San Jose Council OKs End of Watch Memorial For Fallen Officers - NBC Bay Area
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San Jose Council OKs End of Watch Memorial For Fallen Officers

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    San Jose Council OKs End of Watch Memorial For Fallen Officers
    Robert Handa/NBC Bay Area
    Blue ribbons are place at the San Jose Police Department in the wake of deadly police shootings in Louisiana and Texas. (July 18, 2016)

    A memorial will be built outside San Jose police headquarters honoring fallen officers under a recommendation unanimously approved by the City Council on Tuesday.

    An End of Watch memorial outside the police department at West Mission Street north of downtown is an ideal location, where about 80 to 90 percent of the city's officers come and go for their shifts, police Chief Eddie Garcia said.

    The memorial would remind the officers of the sacrifices made by those before them, Garcia said.

    The department has seen 13 officers killed on the line of duty, two in just the past 18 months. Michael Johnson, 38, was fatally shot by an armed man during a call for service on March 24, 2015. Michael Katherman, 34, was struck and killed in a collision with a car while driving a police motorcycle on June 14.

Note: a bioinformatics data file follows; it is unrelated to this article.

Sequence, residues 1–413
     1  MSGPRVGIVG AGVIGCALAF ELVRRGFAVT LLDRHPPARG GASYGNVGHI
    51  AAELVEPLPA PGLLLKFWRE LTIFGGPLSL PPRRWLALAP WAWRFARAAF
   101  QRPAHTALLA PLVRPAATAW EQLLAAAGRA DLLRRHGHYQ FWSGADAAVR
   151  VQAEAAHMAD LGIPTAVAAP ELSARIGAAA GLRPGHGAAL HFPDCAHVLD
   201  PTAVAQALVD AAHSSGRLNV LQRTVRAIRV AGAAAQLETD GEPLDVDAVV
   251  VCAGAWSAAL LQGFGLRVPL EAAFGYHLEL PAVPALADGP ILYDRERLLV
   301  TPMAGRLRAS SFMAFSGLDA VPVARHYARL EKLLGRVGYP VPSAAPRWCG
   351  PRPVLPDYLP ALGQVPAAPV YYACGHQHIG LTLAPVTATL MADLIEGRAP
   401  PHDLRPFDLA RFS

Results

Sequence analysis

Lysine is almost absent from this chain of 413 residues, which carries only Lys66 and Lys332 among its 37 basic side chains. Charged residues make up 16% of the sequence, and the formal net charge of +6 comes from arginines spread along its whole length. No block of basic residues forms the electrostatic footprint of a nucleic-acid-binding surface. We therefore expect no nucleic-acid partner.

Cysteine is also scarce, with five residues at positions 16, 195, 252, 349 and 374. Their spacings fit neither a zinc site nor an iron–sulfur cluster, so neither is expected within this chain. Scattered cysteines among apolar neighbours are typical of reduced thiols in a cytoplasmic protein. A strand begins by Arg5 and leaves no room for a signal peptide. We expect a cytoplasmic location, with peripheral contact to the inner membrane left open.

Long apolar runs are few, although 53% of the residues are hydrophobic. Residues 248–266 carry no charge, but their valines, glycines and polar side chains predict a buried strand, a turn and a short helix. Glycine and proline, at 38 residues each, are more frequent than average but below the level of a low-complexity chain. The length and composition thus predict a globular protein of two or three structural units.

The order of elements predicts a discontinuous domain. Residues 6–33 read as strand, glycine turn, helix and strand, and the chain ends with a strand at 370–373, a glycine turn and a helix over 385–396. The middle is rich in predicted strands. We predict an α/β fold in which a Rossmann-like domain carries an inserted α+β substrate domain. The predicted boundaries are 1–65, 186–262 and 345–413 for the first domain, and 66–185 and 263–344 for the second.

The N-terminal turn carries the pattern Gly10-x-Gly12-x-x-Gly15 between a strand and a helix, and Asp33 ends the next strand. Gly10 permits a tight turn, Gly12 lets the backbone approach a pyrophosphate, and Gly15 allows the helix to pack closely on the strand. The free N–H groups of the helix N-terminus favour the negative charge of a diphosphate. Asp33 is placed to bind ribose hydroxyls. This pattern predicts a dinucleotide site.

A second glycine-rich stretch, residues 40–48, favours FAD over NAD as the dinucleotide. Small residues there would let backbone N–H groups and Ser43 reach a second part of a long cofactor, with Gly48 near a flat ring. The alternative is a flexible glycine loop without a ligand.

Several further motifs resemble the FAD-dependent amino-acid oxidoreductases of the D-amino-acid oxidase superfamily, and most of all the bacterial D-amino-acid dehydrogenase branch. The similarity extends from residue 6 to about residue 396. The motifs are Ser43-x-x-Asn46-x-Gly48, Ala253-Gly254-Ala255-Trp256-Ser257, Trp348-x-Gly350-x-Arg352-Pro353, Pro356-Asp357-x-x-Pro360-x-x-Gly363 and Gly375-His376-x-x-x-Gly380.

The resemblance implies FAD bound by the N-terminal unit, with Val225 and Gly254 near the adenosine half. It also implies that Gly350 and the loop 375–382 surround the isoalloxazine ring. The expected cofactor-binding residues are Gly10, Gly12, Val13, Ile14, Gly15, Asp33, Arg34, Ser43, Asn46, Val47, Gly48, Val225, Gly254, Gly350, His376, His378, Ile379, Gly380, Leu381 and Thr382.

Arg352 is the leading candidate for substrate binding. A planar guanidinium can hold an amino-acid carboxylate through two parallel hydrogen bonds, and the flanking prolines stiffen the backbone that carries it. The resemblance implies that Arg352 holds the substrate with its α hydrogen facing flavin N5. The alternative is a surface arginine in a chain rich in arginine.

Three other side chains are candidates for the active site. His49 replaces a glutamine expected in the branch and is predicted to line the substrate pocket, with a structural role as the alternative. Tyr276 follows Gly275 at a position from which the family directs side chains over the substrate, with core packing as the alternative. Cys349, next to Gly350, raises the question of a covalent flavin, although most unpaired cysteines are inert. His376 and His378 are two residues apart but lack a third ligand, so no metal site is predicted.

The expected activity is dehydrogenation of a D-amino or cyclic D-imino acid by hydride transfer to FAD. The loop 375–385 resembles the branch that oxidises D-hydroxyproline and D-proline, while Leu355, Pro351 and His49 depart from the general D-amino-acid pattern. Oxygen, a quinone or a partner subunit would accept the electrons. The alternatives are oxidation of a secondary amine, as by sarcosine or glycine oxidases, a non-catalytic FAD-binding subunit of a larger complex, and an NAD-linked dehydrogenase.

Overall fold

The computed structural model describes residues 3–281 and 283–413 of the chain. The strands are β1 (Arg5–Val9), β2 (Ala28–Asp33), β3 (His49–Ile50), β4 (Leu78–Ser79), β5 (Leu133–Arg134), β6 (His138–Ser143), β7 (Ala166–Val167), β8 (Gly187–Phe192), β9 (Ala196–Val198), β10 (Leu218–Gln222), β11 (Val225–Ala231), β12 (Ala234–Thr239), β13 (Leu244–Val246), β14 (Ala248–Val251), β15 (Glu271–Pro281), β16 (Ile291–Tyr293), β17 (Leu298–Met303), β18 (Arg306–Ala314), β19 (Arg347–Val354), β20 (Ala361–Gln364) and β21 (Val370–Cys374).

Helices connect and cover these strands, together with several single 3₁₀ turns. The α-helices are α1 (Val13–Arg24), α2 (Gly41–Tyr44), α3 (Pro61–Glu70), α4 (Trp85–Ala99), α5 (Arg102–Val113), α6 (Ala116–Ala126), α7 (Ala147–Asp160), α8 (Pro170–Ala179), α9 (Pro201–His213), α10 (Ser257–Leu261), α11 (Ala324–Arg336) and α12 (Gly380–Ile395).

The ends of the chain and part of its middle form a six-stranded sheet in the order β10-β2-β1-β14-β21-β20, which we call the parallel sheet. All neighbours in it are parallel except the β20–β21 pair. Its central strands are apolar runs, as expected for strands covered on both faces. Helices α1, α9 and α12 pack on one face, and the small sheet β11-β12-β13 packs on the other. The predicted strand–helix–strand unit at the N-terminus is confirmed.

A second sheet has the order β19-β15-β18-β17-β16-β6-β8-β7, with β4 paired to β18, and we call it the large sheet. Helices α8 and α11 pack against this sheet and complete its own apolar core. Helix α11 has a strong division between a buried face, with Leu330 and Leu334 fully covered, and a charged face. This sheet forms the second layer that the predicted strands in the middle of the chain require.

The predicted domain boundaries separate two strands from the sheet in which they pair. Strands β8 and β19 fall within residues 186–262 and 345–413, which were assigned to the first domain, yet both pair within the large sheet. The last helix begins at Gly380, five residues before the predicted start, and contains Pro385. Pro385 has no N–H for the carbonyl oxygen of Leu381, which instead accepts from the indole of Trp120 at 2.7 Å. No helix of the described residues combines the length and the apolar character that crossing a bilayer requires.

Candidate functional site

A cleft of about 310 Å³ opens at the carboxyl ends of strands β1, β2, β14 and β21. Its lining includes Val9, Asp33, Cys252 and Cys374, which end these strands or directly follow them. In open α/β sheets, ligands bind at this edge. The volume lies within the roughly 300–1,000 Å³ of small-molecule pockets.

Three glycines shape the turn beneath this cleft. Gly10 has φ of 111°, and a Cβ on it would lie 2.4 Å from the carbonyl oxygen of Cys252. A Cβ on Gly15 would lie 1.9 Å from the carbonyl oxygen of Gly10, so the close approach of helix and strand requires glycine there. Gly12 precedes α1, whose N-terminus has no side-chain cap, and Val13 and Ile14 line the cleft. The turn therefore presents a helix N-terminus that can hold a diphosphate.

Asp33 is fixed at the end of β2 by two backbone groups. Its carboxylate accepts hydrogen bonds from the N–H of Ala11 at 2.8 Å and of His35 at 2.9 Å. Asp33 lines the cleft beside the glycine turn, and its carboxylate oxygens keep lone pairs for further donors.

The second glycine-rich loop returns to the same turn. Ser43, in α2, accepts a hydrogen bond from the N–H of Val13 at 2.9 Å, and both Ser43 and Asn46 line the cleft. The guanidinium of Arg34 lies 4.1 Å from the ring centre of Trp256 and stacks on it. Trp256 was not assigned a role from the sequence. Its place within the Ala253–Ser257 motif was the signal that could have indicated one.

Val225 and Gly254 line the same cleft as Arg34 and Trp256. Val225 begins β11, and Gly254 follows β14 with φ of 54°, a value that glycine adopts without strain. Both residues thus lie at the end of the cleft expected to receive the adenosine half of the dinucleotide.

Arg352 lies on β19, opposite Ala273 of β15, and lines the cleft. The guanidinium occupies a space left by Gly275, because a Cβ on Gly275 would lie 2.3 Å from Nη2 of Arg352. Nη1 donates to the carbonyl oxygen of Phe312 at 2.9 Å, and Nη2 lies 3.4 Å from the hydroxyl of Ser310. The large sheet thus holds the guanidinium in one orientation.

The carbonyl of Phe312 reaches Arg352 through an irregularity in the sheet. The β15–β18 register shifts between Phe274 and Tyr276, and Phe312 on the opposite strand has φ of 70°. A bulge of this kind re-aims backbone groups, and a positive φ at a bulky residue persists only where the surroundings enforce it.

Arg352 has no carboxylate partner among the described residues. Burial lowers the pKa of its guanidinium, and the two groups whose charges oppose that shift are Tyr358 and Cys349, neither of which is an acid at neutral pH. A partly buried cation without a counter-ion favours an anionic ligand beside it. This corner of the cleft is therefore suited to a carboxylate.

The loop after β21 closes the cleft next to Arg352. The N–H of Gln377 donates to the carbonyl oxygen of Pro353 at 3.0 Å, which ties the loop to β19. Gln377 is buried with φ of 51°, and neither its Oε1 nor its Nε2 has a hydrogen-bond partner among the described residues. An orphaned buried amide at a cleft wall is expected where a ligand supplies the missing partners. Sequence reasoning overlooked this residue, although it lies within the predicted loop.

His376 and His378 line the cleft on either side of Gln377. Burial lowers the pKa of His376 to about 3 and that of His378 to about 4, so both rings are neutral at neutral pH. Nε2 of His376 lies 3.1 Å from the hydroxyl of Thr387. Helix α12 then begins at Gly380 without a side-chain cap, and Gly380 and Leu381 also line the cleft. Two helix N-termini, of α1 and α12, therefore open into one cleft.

Many people left flowers, notes and candles outside the police administration building in the days following the deaths of Johnson and Katherman.

    The fallen officers have been honored throughout the city with plaques at City Hall. Some have had city facilities and freeways named after them, but there's no public place to honor all the officers, city cultural affairs director Kerry Adams Hapner said.

    An annual ceremony is also held outside the police administration building to honor fallen officers every May in conjunction with National Peace Officers Memorial Day.

    A committee made up of community members, officers and families of fallen officers recommended the memorial be placed outside police headquarters at 201 Mission St., move forward with developing a design for the site and collecting donations to fund the project, Hapner said.

    The site would be public and provide an opportunity for personal reflection, according to Hapner.

    The next steps for the project include selecting an artist who will put together a design that needs to be approved by the Public Art Committee, Hapner said.

    Hapner reported $138,500 in contributions for the project coming into the meeting and another $41,500 needs to be raised. A total of $20,000 came in between six council members who announced their commitment to the project during today's meeting.

    Mayor Sam Liccardo said he also donated $10,000 that will add to the $75,000 already dedicated from his office for the project.

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